Thinking small in a time when everything was big has helped Queensland researchers to unearth new evidence that climate change, instead of humans, was responsible for wiping out Australian giant marsupials or megafauna 40,000 years ago.
Instead of only excavating 'trophy specimens' such as giant kangaroos and wombats, the researchers from Queensland University of Technology (QUT) and Queensland Museum performed the first systematic analysis of a site in the fossil rich Darling Downs region of south-eastern Queensland.
Reported in the journal Memoirs of the Queensland Museum tomorrow (Tuesday 31 May) they found smaller species, dependent on a wetter environment, had also disappeared.
By systematically analysing a 10 metre deep section of creek bed, the team uncovered 44 species, ranging from land snails, frogs, lizards and small mammals to giant wombats and kangaroos including many species previously unknown to have occurred in the Darling Downs fossil record.
The results suggest that the extinction of Darling Downs megafauna was caused by a massive shift in climate rather than by the arrival of humans who over hunted animals or destroyed habitats by burning the landscape.
The findings, which were unearthed with the help of amateur fossil hunter, Ian Sobbe, are of particular significance because the Darling Downs fossil deposits are among the youngest Australian megafauna deposits - laid down on the cusp of the extinction event.
PhD researcher Gilbert Price, of QUT's School of Natural Resource Science who led the study, says:
"Unravelling the cause of the late Ice Age extinction has occupied scientists for centuries. It is essential to know if the risks faced by species and ecosystems today are the same as those in the past.
"If we can document past environmental change and its influence on the extinction of species, it might have predictive value in estimating the effects of possible future climate changes and its impacts on modern species."
Megafauna roamed the globe in the Pleistocene epoch, between 1.8 million and 10,000 years ago.
In the northern hemisphere species such as the woolly mammoth and sabretooth tiger dominated the landscape, while in Australia - which evolved for 40 million years in isolation - giant marsupials ruled.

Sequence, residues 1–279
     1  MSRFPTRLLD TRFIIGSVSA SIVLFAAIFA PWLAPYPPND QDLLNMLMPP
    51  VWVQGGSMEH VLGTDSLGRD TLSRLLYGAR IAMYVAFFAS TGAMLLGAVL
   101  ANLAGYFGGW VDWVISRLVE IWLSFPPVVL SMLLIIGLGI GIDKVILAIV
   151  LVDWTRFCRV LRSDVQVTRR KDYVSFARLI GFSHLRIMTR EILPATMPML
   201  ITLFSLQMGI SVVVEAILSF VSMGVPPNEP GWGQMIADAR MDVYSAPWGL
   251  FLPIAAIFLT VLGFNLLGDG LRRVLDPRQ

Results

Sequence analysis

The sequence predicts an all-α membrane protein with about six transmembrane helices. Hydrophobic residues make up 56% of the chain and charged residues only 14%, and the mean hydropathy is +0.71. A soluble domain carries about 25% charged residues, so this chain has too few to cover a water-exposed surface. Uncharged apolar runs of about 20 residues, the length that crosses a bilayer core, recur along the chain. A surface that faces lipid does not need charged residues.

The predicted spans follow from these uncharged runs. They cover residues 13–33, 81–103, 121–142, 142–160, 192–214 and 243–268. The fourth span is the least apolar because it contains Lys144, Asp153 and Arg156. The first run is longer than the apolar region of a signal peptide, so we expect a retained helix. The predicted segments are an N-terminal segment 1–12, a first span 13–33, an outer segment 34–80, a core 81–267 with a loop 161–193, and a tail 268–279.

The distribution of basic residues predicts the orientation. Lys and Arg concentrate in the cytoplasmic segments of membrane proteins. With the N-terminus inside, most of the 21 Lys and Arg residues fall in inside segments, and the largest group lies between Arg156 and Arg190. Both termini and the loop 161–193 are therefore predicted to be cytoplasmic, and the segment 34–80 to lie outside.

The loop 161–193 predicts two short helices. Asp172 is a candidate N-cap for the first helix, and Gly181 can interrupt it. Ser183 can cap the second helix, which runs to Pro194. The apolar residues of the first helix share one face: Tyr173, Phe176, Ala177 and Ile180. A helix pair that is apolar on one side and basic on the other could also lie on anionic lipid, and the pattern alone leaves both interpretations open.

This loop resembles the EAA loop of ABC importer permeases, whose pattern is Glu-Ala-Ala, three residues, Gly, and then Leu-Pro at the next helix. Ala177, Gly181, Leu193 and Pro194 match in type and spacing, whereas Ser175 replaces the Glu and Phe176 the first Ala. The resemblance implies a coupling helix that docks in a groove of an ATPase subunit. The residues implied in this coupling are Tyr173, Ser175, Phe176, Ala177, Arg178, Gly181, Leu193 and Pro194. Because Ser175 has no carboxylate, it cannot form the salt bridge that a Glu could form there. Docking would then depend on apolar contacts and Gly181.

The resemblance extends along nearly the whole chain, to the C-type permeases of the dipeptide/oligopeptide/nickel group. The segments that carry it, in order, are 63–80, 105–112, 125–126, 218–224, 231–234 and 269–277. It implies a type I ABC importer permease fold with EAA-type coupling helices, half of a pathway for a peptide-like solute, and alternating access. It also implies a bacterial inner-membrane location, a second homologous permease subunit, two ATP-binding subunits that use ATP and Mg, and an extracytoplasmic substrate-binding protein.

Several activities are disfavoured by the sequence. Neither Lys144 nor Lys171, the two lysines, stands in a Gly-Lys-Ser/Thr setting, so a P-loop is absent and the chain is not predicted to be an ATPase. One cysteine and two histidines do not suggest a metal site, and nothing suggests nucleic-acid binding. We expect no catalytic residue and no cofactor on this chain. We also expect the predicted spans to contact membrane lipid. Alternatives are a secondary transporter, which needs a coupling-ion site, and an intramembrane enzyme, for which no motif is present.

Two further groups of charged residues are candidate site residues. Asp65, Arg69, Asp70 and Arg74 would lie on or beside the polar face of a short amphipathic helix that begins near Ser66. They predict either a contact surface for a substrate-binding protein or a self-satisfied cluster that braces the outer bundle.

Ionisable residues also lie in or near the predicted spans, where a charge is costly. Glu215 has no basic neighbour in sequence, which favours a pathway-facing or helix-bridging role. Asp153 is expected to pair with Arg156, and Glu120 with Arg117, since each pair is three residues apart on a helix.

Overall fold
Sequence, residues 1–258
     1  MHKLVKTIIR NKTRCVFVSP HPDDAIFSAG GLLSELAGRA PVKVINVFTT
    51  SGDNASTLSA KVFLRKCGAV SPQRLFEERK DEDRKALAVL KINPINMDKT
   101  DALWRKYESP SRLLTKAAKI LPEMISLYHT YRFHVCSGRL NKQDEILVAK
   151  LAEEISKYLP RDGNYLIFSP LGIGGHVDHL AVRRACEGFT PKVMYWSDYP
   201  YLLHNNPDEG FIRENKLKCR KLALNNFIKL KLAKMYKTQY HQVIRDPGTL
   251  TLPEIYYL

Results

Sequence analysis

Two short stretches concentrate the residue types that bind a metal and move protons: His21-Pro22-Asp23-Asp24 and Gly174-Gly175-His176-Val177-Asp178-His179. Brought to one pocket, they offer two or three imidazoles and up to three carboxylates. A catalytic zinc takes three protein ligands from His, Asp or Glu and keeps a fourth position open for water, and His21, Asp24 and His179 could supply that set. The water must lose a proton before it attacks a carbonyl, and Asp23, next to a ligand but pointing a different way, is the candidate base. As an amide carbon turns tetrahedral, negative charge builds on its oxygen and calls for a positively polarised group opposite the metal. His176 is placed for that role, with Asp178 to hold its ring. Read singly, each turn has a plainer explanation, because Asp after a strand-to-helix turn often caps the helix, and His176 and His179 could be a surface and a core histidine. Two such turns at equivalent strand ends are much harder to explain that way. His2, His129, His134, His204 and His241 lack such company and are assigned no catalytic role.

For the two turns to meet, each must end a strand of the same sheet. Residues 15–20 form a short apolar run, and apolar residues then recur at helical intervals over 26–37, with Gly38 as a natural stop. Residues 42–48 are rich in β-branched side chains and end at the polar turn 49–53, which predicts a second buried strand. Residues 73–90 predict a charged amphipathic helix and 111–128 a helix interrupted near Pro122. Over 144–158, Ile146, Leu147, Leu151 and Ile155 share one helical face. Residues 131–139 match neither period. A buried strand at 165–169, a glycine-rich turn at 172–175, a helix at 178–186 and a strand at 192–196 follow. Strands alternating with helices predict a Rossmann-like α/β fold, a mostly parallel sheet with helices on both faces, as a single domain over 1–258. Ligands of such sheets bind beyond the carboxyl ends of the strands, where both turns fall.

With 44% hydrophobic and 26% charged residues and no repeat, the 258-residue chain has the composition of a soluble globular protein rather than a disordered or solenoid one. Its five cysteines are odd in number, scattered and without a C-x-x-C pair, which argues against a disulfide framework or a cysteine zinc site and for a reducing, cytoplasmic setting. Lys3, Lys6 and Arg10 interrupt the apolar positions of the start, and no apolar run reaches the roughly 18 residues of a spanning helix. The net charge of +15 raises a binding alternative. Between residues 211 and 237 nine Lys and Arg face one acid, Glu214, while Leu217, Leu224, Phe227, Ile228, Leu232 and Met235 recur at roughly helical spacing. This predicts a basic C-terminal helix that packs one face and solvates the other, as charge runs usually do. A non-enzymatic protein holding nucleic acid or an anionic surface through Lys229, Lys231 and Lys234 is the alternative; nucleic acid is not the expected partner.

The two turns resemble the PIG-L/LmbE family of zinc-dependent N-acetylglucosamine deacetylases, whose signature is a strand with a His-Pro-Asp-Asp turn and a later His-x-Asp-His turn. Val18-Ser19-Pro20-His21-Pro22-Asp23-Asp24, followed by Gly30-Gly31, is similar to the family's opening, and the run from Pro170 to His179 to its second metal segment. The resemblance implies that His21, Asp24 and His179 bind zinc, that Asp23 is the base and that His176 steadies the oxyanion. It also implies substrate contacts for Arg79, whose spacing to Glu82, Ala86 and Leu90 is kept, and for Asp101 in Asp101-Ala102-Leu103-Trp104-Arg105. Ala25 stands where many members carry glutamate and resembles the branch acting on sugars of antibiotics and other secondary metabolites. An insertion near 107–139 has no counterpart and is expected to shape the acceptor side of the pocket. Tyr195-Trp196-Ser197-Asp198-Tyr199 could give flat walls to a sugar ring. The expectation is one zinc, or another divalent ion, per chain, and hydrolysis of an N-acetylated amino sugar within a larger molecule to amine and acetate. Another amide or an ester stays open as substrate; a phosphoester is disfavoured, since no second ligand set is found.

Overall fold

Current theories suggest that between 50,000 and 20,000 years ago, increasing aridity in Australia led to cooler and drier conditions that decreased wooded habitats and expanded deserts and grasslands, but researchers are still not clear what impact it had on fauna.
The Darling Downs contain some of the most extensive and significant Pleistocene megafauna deposits in Australia but because it's been excavated since the 1840s it was assumed that the palaeoenvironment record was well established.
Closer examination revealed a bias in sample collection in favour of larger animals and there had been few attempts to document ecological and sediment data.
"Our samples show that species dependent on habitats such as woodlands and vine thickets dominate the lowest section of the trench, which dates to around 45,000 years ago," says Mr Price.
"Other younger sections have a mixture of both large and small species that are habitat generalists or are species found in open areas, suggesting the landscape was evolving towards open grassland.
"By the latest Pleistocene species dependent on wetter conditions disappear from the fossil record while animals such as long-nosed bandicoots that aren't habitat specific remain."
Analysis of sediment and ecological data shows that it became increasingly arid during the late Pleistocene, which led to the disappearance of woodland and scrubland and expansion of grassland.
To verify their results carbon dating was performed on samples. And further work, due to be published later in the year, on other sites in the region confirm the stratification of fossils in the creek bed.
The dig also failed to unearth evidence of human activity, suggesting they didn't inhabit the region at the same time as megafauna.
Queensland Museum Assistant Curator in Geosciences, Scott Hocknull added:
"We're not just digging up a pile of old bones. These amazing fossil deposits are providing us with the key to understanding Australia's past, something integral when developing long term strategies for a sustainable future."
Source: Eurekalert & othersLast reviewed: By John M. Grohol, Psy.D. on 21 Feb 2009
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